Del. Ariana B. Kelly (D-Montgomery) told Maryland Matters that MSDE should have prioritized the workers they regulate, who are “largely low income women of color, who are often living in those communities that are hotspot zip codes for COVID-19.”

Kelly said she’s still hearing from centers whose workers are “scrambling” for appointments and organizing carpools to get to mass vaccination sites.

The lawmaker hopes the rollout this week of federal pharmacy partners prioritizing vaccinations for child care workers will alleviate the pressure. On Wednesday, the Biden administration told CVS and Walgreens pharmacies to make child care workers eligible along with school teachers.

To date, nearly all of the employees at Heiser-Polin’s child care center have had at least one vaccination — but not because of any state assistance.

Community volunteers hawked vaccination websites and snagged appointments on behalf of the staff.

“Government doesn’t understand how exceedingly important it is to make sure that child care workers are vaccinated,” Heiser-Polin said. Child care supports the economy, she said, calling the industry “the infrastructure of the infrastructure.”

Heiser-Polin said the vaccine rollout should be made easier, for the “thousands of childcare workers that don’t have the privilege that I have” to make it happen for their schools.

On March 1, Montgomery County’s regional office of the education department notified child care center providers of a county effort to vaccinate child care workers. Providers received an email with a link to another survey. The county’s health department, local hospital Holy Cross Health, and Nonprofit Montgomery were taking a count of child care workers interested in vaccinations needed for child care workers.

The results of the survey, they said, would “inform our request to the state for additional vaccines to support the vaccination needs of this critical and essential workforce.”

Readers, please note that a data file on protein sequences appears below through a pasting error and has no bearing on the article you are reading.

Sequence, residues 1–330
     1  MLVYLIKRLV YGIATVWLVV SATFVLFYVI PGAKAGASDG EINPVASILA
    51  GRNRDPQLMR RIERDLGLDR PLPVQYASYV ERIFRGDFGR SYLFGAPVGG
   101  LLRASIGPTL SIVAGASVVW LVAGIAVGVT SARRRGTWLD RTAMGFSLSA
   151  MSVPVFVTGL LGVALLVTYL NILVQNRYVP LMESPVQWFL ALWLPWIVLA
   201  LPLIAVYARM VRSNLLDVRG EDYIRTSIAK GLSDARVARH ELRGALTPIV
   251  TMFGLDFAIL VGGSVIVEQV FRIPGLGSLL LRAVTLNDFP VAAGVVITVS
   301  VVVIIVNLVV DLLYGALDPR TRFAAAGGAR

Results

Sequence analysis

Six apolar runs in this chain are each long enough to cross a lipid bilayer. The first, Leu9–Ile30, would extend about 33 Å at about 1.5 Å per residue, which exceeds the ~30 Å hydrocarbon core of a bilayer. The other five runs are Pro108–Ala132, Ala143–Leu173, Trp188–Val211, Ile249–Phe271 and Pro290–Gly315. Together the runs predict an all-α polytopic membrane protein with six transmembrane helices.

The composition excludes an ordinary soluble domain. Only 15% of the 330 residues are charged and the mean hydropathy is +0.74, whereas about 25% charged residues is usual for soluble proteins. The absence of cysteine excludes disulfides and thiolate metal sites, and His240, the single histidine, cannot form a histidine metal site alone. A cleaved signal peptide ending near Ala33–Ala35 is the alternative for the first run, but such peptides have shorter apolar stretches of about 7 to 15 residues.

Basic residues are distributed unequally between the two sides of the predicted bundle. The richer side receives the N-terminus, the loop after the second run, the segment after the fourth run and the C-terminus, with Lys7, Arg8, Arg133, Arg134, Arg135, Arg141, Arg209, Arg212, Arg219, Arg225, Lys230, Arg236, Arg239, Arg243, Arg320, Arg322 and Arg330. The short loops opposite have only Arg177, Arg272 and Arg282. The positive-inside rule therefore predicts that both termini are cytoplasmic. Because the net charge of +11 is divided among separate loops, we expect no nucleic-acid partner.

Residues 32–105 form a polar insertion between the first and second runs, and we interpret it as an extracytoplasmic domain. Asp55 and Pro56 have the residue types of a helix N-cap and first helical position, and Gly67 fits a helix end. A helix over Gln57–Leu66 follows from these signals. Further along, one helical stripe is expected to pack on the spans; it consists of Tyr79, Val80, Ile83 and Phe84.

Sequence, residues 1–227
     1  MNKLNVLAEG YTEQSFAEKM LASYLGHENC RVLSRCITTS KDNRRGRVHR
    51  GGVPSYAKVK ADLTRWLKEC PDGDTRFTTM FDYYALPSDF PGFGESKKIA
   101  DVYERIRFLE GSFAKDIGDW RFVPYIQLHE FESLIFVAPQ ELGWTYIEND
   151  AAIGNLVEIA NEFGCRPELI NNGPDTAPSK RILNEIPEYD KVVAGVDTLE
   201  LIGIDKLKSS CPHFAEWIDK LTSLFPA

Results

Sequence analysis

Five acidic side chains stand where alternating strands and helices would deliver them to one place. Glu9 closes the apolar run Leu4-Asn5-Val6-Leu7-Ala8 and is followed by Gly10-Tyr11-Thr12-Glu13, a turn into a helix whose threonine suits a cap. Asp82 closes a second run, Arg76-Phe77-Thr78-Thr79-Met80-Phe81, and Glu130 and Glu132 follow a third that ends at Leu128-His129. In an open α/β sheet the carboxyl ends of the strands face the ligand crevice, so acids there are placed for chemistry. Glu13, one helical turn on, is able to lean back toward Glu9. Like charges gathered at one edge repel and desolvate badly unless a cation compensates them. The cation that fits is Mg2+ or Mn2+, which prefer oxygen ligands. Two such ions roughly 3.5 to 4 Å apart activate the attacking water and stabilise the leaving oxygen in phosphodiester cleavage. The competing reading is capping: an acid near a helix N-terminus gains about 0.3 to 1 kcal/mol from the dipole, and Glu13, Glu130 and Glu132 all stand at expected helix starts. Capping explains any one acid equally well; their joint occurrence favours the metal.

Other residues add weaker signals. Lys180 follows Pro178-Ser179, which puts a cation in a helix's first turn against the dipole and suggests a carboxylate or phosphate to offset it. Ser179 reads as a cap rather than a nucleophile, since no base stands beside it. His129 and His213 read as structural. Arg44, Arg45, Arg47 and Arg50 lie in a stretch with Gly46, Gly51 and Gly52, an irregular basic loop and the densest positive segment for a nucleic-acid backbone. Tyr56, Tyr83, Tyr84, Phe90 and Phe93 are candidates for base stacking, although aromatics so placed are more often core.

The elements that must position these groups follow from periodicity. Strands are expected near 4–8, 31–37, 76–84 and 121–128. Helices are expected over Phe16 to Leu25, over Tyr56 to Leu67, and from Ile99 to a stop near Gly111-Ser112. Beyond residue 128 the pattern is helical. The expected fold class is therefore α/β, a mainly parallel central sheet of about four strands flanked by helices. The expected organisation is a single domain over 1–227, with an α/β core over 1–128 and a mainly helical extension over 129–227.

‘I just couldn’t get an answer’

Downtown Baltimore Child Care’s Director Hilary Roberts-King encouraged her staff to get vaccines as soon as the governor announced the opening of Phase 1B in a January news conference.

But “no one could get an appointment after that,” she said in an interview at the end of February. “And that’s where we are now.”

Some of her employees have gotten appointments here and there — at a Safeway, or at the Baltimore Convention Center. But she estimates only around 12% of her 100 or so staff members, the majority of whom she says are Black and Brown, have gotten their first vaccination.

Roberts-King said she reached out to the state health department and MSDE to find out what resources would be available to help get her staff vaccinated.

“I just couldn’t get an answer,” she said.

Roberts-King is giving all staff members a paid day off when they do get vaccine appointments.

Kiara Matthews, 28, who works at the Weinberg Early Childhood Center, one of Downtown Baltimore’s three locations, says bouncing between the Walgreens and Giant websites is not the challenging part, “it’s just finding the time.”

Kateri Weldon, who also works at Weinberg, said if not for the dedicated efforts of her center director trying to get her an online appointment, she still would not have one.

The Baltimore City Health Department sent its own interest survey to around 722 child care centers. As vaccine supply became available, the city health department forwarded the contact information of interested child care providers to their hospital partners, who then connected the child care workers to appointments.

Mary Grace White, the director of the city’s Office of Acute Communicable Diseases, along with her team, says the survey is one method to get essential workers appointments.

“If you’re able to find an appointment, go ahead. But this is another way for us to be able to offer that,” she said.

The city health department will continue to proactively connect child care workers to appointments until everyone who wants a vaccination has one, but White was not able to say how many workers have been connected to vaccinations so far. Recordkeeping was not her first priority, she said.

“The focus here is to be able to offer this opportunity for them,” White said.

Brenda Wintrode is a contributor to Maryland Matters. She can be reached at [email protected].


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Child Care Workers Say Lack of State Effort Leaves Them To ‘Scramble’ for Vaccines